The Islay distillery Laphroaig have recently been plugging their opnions campaign which sees customers describe the brand as they see it. This has created some pretty humourous responses. This one, while not entirely hilarious, is still pretty good. It speaks to a lot of Whisky drinkers that want to prove their mettle at enjoying more hardcore peated expressions as well as the dedication that a lot of fans feel towards their favourite drams.
Another great ad from Jameson, this time showcasing their triple distilled qualities. The focus here is on the bottle and one of the things that differentiates Irish from Scotch and other Whiskies. The ad is laid out in such a way as to frame the bottle and keep the aesthetics in keeping with the recognisable Jameson brand, especially in the green background. The headline “It could just be the taste” is quite catchy as well, and short so as to be easily remembered.
This ad is perfect in line with the brands TV ads, which focus on being in charge and to Keep Walking. I love the puppet ad as it communicates a clear message and Johnnie Walker becomes synonymous with that message of walking away from people who keep you tied down. The whole embodiment of Johnnie Walker can be felt in this ad.
These ads by Maker’s Mark are so good. They are simple and straight to the point, each representing Maker’s Mark in a different way. And the bottles look so good against the black background. The Maker’s Mark bottle is made for this kind of imagery, with the bright red wax really making it look unique. Unlike a lot of American Whiskies, Maker’s Mark really owns itself in these ads. Since most American ads focus on patriotism, it’s refreshing to see one that wants to stand out for being itself more than anything else.
Although these are in Russian, I think the simple fact that Quentin Tarantino is featured in them makes them great. How can an ad not be cool with the director of Kill Bill in it? The one we include here even has feet in it, and could be a thinly veiled reference to Tarantino’s widely known foot fetish. Whether that makes you love Dewar’s more or less is really up to you.
Well this ad really says everything you need to know about Power’s. To me there is a fiercely Irish mind set in their distinct reclaiming of the Whisky and this is extended to the customer. It’s ours, but it’s all of ours together. The hand reaching out is perfectly in line for a toast. If you look closely you can see a harbour and house in the glass, bringing you right back home and placing Power’s firmly in the hands of the customers.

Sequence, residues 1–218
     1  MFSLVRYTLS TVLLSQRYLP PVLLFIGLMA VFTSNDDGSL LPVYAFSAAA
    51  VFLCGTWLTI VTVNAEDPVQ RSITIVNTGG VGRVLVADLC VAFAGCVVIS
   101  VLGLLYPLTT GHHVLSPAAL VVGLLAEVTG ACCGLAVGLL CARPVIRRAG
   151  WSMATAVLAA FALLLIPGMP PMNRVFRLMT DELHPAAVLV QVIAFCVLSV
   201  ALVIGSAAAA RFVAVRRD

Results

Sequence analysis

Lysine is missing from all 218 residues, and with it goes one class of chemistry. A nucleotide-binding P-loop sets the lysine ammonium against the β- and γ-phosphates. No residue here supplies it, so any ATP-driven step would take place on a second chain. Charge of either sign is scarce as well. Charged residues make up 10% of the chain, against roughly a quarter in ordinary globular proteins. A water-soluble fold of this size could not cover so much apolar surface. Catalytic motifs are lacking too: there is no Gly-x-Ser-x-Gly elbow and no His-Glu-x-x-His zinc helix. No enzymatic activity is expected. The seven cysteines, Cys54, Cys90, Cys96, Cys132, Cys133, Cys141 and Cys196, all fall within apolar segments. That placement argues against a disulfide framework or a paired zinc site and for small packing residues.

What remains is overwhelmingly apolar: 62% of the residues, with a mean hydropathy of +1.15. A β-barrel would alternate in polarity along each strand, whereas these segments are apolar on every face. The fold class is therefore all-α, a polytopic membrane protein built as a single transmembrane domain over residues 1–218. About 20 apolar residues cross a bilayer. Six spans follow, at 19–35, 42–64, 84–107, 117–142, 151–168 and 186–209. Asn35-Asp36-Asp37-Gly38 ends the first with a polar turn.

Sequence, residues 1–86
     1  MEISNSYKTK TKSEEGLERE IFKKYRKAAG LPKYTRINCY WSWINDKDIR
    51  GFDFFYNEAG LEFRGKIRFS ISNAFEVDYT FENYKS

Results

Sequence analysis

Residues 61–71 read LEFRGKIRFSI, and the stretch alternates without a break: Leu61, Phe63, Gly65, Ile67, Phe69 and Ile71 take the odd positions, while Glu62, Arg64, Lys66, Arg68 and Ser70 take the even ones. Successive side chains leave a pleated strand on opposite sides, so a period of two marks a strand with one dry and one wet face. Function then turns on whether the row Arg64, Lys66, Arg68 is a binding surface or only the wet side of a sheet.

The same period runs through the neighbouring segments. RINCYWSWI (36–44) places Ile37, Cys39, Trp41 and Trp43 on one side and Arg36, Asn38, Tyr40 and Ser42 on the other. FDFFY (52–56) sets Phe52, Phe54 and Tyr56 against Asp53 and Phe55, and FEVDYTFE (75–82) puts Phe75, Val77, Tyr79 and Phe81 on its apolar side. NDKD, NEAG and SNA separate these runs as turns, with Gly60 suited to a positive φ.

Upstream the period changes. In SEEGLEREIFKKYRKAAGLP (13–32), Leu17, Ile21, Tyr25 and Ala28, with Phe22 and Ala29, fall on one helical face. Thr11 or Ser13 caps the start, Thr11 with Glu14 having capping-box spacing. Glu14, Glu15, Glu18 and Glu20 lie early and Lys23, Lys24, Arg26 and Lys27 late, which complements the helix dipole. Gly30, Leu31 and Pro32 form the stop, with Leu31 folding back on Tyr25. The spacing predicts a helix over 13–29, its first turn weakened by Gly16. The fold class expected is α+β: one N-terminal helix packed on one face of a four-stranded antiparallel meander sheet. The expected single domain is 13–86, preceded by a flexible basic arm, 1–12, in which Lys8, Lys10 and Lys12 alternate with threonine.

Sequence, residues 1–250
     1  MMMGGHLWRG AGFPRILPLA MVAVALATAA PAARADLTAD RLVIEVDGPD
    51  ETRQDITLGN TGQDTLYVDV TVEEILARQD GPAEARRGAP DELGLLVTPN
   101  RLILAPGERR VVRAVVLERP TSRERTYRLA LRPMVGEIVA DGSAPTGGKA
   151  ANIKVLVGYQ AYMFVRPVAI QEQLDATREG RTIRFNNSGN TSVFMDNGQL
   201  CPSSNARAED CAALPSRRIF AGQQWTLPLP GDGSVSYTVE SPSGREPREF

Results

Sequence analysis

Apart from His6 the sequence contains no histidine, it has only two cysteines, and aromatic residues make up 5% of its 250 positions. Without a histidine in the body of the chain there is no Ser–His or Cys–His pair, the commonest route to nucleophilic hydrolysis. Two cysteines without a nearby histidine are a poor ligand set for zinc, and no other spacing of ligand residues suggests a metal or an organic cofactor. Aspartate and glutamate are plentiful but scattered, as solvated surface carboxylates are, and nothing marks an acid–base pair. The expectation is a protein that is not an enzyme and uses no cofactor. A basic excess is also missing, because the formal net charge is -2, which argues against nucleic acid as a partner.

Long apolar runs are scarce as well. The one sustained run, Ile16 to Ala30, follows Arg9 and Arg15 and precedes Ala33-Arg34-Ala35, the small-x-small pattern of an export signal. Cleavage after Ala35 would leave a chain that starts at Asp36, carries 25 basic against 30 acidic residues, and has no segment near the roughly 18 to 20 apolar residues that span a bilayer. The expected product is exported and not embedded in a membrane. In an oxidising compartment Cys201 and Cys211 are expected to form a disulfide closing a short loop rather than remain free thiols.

This seems to be a common theme in Irish adverts. The idea of “Irishness” and how the links to Whisky is a big thing for Irish brands and they often choose to show that in their branding. Alongside Scotland it is one of the oldest producers of Whisky and this is fact these brands love to claim. Green and gold also seem to be big factors, but if you’ve ever been to Ireland you’ll at least understand the green part. It is the Emerald Isle after all! This ad uses them well, as they compliment each other and the bottle perfectly.
This plays on two things American’s love, flipping people the bird (middle finger) and Bourbon. This is funny in a teenager sort of way but that doesn’t mean it’s bad. It’s the kind of thing a kid would say to shock their parents and then pretend they were only saying it in reference to something else. But it works, and the brand becomes recognisable and memorable in an instant, because now every tim you give someone the bird, you’ll really be thinking of Wild Turkey.
The Macallan came together with some pretty massive photographers to make these ads, including Annie Lebowitz and Mario Testino. This image in particular is by Testion and is just a fantastic ad for the Whisky. There is so much sophistication and glamour in these shots it almost spills out of the frame. But at the centre of it all is Macallan. This looks like a party we all want to go to and Macallan make us think that we can, if only we buy their Whisky.
This ad has Sean Connery in it. Do I need to say anymore? If we could all look as suave and cool as him whilst drinking Jim beam I think it would become our dram of choice every time.
It isn’t very common for brands to get political, but Jack Daniel’s does, and they do it well. These ads are humourous with the ability to push them a little and think a bit deeper abut them. Albeit not too deep, but they do provide some room for thought. They also look great, and give Jack a good boost in a more modern aesthetic, even if it has a nostalgic twist.
This is my all time favourite Whisky ad. I may be biased because I too am from Northern Ireland. In this ad, Bushmills offers direct challenge to American Whiskies and does it the right way. They assert themselves and completely dominate the competition. There is simply nothing wrong with this ad, and if I could, I would have it printed out and stuck to my wall. (Again though, I may be a teeny bit biased.)
Also published on Medium.